A curious statement made by Lamozzo respecting Michael Angelo seems to have a bearing upon his ideas as to proportion, but it is phrased in as enigmatical a style as the directions of the alchemists, and to me is at least as unintelligible. Lamozzo says: 'And because in this place there falleth out a certain precept of Michael Angelo much for our purpose, I will not conceale it, leaving the farther interpretation and understanding thereof to the judicious reader. It is reported, then, that Michael Angelo upon a time gave this observation to the painter Marcus de Sciena his scholler; that he should alwaies make a figure pyramidall, serpent-like, and multiplied by one, two and three. In which precept (in mine opinion) the whole mysterie of the arte consisteth.' (The quotation is as given by Hogarth.)
Fig. 3. Linear scheme of the proportions of the so-called Germanicus and of the Apoxyomenos (Langer).
Amongst other Italians who wrote about the canon of proportion may be mentioned Paggi (1554-1629), who in a work entitled 'Acus Nautica,' which was published in 1601, gave some tables of proportions from which it is believed those subsequently issued by Testelin were copied. Barbaro, in his 'Practica della Perspectiva,' gave a series of proportions which he proposed as intermediate between those of Durer, which he considered to be too minute, and those of Vitruvius, which, on the other hand, he thought too general. Barca of Milan (1620) issued a sheet containing the proportions of Jupiter, Hercules, Minerva and Venus.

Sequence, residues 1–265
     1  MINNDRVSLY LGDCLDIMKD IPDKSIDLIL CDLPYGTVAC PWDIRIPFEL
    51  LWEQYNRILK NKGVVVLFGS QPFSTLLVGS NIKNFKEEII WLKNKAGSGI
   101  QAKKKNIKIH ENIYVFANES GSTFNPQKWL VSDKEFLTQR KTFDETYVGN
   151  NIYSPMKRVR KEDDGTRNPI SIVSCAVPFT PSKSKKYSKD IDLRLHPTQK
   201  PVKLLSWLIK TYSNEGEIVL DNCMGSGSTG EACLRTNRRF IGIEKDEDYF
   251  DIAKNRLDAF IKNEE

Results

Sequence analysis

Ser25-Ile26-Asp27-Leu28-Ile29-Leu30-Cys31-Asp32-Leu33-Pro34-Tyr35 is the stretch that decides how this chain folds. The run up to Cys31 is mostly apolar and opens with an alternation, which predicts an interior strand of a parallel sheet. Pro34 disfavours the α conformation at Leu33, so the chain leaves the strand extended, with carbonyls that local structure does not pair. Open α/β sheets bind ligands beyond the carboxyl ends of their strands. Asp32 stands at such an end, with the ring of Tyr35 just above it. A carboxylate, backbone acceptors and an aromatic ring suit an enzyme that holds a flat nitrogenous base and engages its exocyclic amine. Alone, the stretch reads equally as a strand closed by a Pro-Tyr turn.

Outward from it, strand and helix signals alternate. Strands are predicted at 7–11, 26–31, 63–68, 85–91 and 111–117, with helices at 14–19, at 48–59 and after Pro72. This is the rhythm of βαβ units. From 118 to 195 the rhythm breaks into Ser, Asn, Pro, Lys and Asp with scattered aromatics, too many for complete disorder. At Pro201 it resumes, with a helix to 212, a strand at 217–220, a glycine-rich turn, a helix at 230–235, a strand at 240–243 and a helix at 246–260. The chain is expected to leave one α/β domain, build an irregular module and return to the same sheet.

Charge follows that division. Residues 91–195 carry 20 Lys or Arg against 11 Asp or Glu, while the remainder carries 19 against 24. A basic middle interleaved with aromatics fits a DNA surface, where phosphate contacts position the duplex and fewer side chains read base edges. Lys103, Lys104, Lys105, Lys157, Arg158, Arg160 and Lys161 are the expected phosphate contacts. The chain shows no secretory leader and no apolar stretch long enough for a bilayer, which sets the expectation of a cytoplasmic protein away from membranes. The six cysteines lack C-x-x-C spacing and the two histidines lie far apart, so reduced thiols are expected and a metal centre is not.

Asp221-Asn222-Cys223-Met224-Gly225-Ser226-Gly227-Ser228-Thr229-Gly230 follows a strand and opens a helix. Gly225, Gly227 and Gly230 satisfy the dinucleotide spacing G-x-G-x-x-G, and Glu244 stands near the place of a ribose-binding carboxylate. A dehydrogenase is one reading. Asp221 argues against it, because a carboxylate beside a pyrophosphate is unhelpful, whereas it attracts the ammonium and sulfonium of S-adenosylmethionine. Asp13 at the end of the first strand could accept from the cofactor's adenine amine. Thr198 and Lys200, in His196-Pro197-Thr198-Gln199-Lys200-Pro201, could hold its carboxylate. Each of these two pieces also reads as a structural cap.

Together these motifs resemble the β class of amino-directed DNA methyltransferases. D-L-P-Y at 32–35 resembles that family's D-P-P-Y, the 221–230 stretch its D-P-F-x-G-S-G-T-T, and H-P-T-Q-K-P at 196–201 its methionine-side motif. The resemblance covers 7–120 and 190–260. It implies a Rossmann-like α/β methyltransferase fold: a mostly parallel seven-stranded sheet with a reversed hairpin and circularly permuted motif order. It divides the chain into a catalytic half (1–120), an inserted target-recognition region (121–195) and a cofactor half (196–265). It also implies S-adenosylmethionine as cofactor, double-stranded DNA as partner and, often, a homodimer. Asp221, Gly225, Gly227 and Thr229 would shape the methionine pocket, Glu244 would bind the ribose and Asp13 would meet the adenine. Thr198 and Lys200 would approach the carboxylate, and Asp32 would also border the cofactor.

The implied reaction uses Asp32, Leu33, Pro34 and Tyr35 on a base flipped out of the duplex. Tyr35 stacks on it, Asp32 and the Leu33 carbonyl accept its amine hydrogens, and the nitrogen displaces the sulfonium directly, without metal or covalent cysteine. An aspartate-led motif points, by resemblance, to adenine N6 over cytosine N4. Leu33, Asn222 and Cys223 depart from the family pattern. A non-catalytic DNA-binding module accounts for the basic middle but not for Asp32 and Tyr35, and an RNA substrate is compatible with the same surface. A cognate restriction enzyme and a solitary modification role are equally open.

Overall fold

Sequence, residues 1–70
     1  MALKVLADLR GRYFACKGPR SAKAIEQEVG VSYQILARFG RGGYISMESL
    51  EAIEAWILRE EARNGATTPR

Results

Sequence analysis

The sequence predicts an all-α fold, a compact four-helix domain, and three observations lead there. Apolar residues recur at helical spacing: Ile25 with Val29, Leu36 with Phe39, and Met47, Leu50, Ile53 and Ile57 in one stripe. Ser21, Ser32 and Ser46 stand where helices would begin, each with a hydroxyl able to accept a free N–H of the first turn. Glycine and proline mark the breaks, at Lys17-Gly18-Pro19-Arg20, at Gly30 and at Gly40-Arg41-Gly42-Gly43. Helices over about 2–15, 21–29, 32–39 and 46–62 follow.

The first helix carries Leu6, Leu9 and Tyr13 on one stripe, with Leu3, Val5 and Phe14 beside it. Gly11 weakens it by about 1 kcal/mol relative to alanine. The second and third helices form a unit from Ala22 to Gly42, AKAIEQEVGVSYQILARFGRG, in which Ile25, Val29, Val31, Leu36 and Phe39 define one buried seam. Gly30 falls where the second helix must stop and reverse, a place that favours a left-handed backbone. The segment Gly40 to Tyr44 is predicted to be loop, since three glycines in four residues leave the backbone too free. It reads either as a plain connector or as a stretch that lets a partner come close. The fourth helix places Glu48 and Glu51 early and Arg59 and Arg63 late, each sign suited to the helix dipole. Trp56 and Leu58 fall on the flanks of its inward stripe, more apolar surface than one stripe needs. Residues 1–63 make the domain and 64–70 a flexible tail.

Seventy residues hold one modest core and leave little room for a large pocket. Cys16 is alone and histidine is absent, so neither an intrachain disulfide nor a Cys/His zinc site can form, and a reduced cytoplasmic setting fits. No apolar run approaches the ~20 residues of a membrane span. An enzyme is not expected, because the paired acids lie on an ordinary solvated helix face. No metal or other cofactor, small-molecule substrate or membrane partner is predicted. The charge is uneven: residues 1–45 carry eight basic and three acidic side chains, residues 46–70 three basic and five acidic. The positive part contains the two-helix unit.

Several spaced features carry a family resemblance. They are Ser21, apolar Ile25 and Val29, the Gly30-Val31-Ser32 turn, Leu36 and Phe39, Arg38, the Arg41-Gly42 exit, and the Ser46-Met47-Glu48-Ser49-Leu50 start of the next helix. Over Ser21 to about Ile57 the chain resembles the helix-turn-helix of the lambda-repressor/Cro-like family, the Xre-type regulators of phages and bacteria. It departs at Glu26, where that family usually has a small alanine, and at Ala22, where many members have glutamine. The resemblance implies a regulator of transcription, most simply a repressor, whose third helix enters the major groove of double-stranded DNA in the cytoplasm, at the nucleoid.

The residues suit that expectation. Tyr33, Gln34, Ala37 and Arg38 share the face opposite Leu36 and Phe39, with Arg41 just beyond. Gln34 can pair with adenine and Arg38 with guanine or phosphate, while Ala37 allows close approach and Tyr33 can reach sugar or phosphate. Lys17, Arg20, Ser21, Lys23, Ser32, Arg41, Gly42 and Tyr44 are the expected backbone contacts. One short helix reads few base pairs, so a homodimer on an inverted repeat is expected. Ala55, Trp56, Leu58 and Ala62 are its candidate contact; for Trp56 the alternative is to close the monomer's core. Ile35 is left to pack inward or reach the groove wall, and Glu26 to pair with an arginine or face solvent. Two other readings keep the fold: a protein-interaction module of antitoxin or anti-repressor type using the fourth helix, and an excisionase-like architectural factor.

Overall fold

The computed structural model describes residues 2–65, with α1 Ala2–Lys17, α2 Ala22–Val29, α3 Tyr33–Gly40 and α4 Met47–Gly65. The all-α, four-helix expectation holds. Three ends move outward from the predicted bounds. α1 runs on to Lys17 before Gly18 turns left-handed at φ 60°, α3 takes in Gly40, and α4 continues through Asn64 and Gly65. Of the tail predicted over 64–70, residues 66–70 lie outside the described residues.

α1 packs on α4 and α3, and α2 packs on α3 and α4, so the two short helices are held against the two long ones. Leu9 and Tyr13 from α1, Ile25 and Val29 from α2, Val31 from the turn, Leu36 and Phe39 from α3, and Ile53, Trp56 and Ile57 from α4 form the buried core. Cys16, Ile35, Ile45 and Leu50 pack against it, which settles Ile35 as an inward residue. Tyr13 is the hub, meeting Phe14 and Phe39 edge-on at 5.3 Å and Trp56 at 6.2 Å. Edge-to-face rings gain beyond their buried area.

The Germans, as might have been expected from a nation always anxious to reduce all possible matters to scientific rules, and filled with a genuine love of art, have supplied various works on our subject. Of these, perhaps the earliest, and certainly one of the most famous, is that of Albrecht Durer (1470-1528), who had a very high opinionof the science of proportion, bestowed much thought upon the subject, and eventually published a work concerning it. His opinion of the potentialities of the subject was, in fact, almost overstrained, if one may judge from his statement that 'by means of outward proportion one can indicate the natures of men which correspond to fire, air, water, and earth, for the power of art is supreme.' His first book was entitled, 'Instruction in the Measurement, with the Compass and Rule, of Lines, Surfaces and Solid Bodies, drawn up by Albrecht Durer, and printed for the use of all lovers of art, with appropriate diagrams, in 152.' This book contains a course of applied geometry in connection with Euclid's elements; in fact, Durer states from the commencement of it that his book will be useless to anyone who understands the geometry of 'the very acute Euclid, for it has been written only for the very young and for those who have no one to instruct them accurately.' This work was followed by his book on Proportion, which was published with the following title: 'Herein are comprised four books on human proportions, composed and printed by Albrecht Durer, of Nurnberg, for the use of all those who love this art, MDXXVIII.' In his system of measurement of the human body he adopts two plans, for in the first book he uses as a standard a fraction of the entire height, whilst in the second his scale is composed of six hundred parts, like that of Alberti, a proof, says Thausing, that he had some acquaintance with the, at that time unpublished, writings of the Florentine. In the third book the varying proportions of the figures given in the first two are changed according to definite rules, the scale being increased and diminished in all kinds of different ways, but always with a certain consistency.